The University of California announced Thursday that it had reached an agreement with the UC systemwide police officers’ union on a new contract that will be valid for 15 months.
Ratified by the police union July 8, the contract retroactively began July 1 and will extend until Sept. 30, 2012.
“It is a new agreement, but the main provisions haven’t changed,” said UC spokesperson Dianne Klein. “For example, it did not include any salary increases.”
According to the new contract, police officers who have been at the top tier of their pay scale for at least one year will receive a monthly payment of $100 for 15 months. Officers who are at a top step and move up a step in the pay scale due to longevity will stop receiving the monthly payment.
Klein said the monthly payment can be viewed as a temporary bonus rather than a permanent pay increase. The 249 university police officers will continue to progress through the pay scale based on years of service and eligibility.
The police union — the Federated University Police Officers Association — represents the systemwide bargaining unit for the university’s police officers. The association represented the Police Officers Unit during the previous contract agreement that ran from Oct. 10, 2008 through June 30, 2011.
As per the union negotiations, police officers will begin paying new 2012 premium rates for health insurance in January 2012, though Klein said she did not know the specific amount of the rates.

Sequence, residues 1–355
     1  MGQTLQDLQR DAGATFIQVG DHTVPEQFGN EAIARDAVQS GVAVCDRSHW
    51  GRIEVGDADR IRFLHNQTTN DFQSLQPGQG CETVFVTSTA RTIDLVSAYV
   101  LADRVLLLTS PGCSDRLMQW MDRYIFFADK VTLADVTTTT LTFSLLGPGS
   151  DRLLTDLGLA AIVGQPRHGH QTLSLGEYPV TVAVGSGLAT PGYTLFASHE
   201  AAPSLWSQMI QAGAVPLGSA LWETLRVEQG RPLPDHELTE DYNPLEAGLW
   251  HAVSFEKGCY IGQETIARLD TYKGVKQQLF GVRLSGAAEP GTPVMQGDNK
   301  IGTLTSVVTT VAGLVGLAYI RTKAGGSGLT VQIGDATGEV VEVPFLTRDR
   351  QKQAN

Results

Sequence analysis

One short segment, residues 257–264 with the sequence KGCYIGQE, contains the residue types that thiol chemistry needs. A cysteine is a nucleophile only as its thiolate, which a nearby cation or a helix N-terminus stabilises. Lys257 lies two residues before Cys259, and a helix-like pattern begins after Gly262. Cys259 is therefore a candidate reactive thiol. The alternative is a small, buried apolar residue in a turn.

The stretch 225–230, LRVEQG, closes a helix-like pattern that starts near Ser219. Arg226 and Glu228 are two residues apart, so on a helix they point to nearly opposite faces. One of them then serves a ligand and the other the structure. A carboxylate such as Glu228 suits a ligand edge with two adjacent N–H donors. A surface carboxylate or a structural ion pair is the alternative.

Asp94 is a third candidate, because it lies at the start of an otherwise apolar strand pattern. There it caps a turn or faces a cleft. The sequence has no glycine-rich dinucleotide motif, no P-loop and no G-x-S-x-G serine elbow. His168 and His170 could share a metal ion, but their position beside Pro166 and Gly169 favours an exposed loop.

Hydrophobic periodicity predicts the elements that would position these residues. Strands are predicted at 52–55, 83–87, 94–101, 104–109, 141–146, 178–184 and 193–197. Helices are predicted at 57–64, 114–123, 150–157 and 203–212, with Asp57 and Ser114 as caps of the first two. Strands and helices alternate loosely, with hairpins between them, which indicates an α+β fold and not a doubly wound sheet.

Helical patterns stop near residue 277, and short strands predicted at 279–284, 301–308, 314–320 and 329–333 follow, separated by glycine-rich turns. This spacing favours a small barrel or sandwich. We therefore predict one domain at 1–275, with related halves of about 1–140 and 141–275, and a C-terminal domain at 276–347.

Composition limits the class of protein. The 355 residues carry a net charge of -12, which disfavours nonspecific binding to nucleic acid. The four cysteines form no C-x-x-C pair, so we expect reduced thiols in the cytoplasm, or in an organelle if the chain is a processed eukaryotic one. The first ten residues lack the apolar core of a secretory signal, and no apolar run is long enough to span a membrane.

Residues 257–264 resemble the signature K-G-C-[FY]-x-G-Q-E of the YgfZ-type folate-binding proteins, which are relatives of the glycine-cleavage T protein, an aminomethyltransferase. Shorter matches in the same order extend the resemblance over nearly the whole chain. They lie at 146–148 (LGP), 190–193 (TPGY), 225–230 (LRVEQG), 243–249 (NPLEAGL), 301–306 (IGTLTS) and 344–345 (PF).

As part of the new agreement, police officers will pay 1.5 percent of their salary base pay into the university systemwide retirement plan, according to Klein. She added that non-union university employees are paying 3.5 percent and that each union negotiates this rate with the university separately.
The negotiated provisions in the new contract were agreed upon through collaborative effort by both the association and the university, Klein said.
This new contract agreement will be continued on a year-to-year basis, unless the university or the association gives written notice 60 calendar days prior to Sept. 30, 2012 or the subsequent date of the annual contract renewal.
“As far as I know, I don’t see it having a great effect on any changes on the campus,” said UCPD Lt. Marc DeCoulode.
On the UC Berkeley campus, UCPD has 64 sworn officials, including officers, sergeants, lieutenants, captains and the chief, according to DeCoulode. He added the new contract agreement only applies to police officers.
“It’s pretty apparent that the campus is in financially challenging times so that affects everyone,” he said.
According to Klein, negotiations for the new agreement were not protracted, because both sides had a good attitude and realized what was at stake with the university’s current economic challenges.
“We’re in the midst of a financial crisis — we’re in a billion dollar budget deficit,” Klein said. “The good news about these negotiations was they were cordial and everybody cooperated and they came to an agreement and people moved on. I think both sides understood the tough financial situation.”
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